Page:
However, if we consider the other key change effects of the 21st century – the rapid degradation of life-supporting ecosystems and the loss of critical ecosystem services, ecocide, resource and materials scarcity, and spatial changes such as urbanisation and increasing population densities – then the future may well be driven by a combinatorial soup of changes that throw up unpredictable local, national, regional and global crises with a frequency hitherto not experienced in human history.

Hence the question of what precedents are set in this extraordinary moment matters a great deal. While we should be concerned with adapting to this new reality, we need to be careful about what is emerging as the way and means of dealing with these events. In simple terms, we should not be thinking about what new “normal” is unfolding; but what new order is being established as the viral paralysis we have endured continues to confound states around the world.

That is: what is the bureaucratic response that is emerging as the convention in navigating this crisis? How is that bureaucratic response motivated, structured and put into practice? What is the identity that is produced and reproduced (ie, both that of the bureaucracy and that of the citizenry) through the bureaucratic response? What kind of power does the bureaucracy exercise in their response? And how does that manifest in real terms for the wealthy, middle and marginal classes and social groups in society?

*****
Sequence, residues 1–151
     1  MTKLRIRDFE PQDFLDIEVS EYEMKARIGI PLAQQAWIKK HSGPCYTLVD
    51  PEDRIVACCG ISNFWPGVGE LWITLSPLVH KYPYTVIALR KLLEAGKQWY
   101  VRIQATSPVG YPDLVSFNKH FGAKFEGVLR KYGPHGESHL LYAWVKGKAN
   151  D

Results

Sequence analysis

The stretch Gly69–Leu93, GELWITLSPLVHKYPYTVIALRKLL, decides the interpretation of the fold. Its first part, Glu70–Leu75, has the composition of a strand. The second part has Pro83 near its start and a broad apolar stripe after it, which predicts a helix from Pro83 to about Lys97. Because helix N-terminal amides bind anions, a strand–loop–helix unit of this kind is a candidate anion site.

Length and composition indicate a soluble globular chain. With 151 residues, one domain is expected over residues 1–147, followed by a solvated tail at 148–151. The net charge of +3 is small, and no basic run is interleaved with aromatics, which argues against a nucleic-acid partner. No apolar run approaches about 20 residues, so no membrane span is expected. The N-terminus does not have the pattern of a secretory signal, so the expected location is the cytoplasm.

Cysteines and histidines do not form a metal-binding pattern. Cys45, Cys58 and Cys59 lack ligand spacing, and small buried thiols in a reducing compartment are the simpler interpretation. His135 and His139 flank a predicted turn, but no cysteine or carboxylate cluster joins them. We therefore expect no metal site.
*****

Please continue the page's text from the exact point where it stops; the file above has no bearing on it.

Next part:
Answering these questions will bring us closer to an understanding of what new kind of order is embryonic today, yet can seed and consolidate over time. If freedom (and the long road to it) is something we intrinsically value as existentially fundamental – it being more than just a right but essential to our identity as individuals and a society – we must examine the new order that is emerging. If our future is one characterised by increasingly frequent, severe crises then we need to understand how our reality may change equally frequently, and what new “schizophrenia” (ie, over and above the schizophrenia of capitalism) may emerge in the reality of this generation and of those to come.